When the young Charlie Price (Joel Edgerton) inherits the family business, a failing shoe factory in Northampton, he feels like a fish out of water. Unable even to operate the office intercom, he finds that one of his first tasks is to make fifteen of his workers redundant. Cheap imports from abroad are slashing the market for handmade shoes and faced with the economic realities, Charlie is uncertain how stop the slow spiral towards extinction.

But two people jolt him into a new course of action. An outburst from sacked worker Lauren (the elfin-faced Sarah-Jane Potts), suggesting Charlie discover new markets, and a chance meeting with larger-than-life drag queen Lola (Chiwetel Ejiofor) in a London alleyway make him realise that perhaps salvation can be found producing kinky boots for a niche market of cross dressers and transvestites.

Kinky Boots follows the tried and tested British movie formula established in Calendar Girls (2003), The Full Monty (1997) and Billy Elliot (2000). It mixes a bit of light hearted humour, a touch of social realism, and, despite the occasionally overwrought drama, everything always works out in the end. There are no real surprises here, and even a vague feeling of déjà vu, as the plot unfurls; but you’d have to be a bit of a cynic to really hold it against Kinky Boots. Despite clichéd portrayals of bumbling bosses, earthy workers, drag queens, wives who just don’t understand and the pretty worker who does, the movie has a charm that dares you not to like it.

The movie succeeds thanks to the two main leads. Joel Edgerton has a face stuck in the 70s, recalling British actors Robin Askwith and Richard O’Sullivan, but the Australian thespian, previously known for playing Owen Lars in the Star Wars prequels, pulls off a flawless Northampton accent and pours enough earnest personality into the role to make him eminently watchable.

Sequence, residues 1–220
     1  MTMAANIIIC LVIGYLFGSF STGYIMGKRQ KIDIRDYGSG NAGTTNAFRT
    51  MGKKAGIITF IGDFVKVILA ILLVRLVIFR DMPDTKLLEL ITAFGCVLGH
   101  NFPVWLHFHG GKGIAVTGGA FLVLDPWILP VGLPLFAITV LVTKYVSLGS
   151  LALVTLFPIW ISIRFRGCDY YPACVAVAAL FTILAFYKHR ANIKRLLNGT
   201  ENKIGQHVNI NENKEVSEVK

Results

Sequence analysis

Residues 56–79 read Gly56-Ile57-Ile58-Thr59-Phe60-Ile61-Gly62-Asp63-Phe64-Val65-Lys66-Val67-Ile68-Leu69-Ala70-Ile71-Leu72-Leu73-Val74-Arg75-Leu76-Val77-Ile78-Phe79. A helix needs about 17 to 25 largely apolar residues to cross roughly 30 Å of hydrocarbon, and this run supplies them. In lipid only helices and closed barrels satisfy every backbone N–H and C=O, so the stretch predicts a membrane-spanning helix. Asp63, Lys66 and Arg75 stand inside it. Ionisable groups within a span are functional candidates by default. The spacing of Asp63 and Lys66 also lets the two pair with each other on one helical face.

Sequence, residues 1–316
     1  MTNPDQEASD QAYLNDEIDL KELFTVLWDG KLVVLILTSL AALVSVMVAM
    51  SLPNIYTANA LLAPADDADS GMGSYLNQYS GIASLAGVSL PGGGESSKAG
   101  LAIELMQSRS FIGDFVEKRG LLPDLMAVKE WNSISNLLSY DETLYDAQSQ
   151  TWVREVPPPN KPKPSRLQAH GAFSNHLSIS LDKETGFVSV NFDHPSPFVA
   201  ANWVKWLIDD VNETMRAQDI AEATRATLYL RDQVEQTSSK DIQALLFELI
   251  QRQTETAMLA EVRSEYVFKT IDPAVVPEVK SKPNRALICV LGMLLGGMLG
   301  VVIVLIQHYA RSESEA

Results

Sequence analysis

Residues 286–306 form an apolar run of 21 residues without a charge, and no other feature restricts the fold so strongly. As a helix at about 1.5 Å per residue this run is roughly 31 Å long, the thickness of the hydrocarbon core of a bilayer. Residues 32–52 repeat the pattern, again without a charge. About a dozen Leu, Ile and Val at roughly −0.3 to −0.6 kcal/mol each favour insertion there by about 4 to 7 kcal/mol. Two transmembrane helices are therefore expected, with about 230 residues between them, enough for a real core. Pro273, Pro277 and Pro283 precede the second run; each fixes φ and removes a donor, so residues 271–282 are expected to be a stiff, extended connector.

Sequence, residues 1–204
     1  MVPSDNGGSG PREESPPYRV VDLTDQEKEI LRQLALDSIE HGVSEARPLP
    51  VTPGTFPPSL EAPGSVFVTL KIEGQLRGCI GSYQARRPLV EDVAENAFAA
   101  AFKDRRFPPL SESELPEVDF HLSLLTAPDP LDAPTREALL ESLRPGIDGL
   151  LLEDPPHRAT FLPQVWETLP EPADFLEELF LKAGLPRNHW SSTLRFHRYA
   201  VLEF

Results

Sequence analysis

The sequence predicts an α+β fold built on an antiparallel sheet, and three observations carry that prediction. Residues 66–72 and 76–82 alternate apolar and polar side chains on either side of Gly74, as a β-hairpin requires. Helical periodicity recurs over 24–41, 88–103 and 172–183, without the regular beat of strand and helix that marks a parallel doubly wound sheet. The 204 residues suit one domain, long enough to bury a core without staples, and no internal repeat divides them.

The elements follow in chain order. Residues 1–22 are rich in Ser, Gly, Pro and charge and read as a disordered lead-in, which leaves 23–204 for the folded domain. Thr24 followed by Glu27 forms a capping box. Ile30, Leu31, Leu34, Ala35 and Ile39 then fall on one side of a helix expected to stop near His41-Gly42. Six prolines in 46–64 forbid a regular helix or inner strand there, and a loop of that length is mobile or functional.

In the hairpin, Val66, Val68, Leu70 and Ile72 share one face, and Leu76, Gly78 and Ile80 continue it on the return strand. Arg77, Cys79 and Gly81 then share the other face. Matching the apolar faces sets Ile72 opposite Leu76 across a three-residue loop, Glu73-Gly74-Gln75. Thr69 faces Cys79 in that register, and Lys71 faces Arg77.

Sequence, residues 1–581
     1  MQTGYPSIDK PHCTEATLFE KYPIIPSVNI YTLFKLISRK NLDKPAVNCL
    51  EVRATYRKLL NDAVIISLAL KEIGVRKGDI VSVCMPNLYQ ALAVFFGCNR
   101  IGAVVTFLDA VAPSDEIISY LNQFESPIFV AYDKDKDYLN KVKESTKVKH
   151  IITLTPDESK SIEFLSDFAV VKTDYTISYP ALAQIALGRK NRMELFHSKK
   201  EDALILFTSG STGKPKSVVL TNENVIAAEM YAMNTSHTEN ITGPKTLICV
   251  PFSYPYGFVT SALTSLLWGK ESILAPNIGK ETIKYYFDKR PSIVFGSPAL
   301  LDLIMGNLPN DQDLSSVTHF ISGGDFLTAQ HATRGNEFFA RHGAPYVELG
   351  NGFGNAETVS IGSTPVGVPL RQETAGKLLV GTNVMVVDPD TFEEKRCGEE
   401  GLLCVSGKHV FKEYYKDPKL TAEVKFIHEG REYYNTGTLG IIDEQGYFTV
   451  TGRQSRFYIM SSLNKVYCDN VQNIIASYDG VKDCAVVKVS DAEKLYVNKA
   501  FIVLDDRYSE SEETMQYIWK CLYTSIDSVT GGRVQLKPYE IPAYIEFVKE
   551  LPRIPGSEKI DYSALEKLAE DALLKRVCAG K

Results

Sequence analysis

Chiwetel Ejiofor (who also appears in Four Brothers and Serenity opening this month) resists the urge to go completely over the top, camping it up when Lola is “performing”, but also drawing himself inward to demonstrate Lola’s vulnerable, insecure side. Lola and Charlie are instinctively drawn together because they’re both filled with uncertainties, and this theme of identity forms the backbone of the movie.

Shaun of the Dead‘s Nick Frost who plays Don, a factory worker slightly offended by Lola’s presence and sceptical of Charlie’s attempts to find a new direction for the shoe factory, is effortlessly funny. But on the whole this is a forgettable, paper thin film that adds nothing new to any of the subjects it touches on. Kinky Boots is diverting while it’s on the screen, rinsing itself out of the mind within minutes of leaving the movie theatre.

If you liked The Full Monty, or the twee output of Richard Curtis, then you’ll like this. It’s charming, inoffensive stuff, solidly helmed by Julian Jarrold, directing his first feature film after a career directing TV dramas like Zadie Smith’s White Teeth (2002). If, on the other hand, you don’t, at least you’ll know exactly what you’re avoiding.

Kinky Boots (2005)
Dir. Julian Jarrold
Stars: Joel Edgerton, Chiwetel Ejiofor, Sarah-Jane Potts, Nick Frost, Ewan Hooper, Linda Basset, Jemima Rooper
Genre: Drama, Comedy

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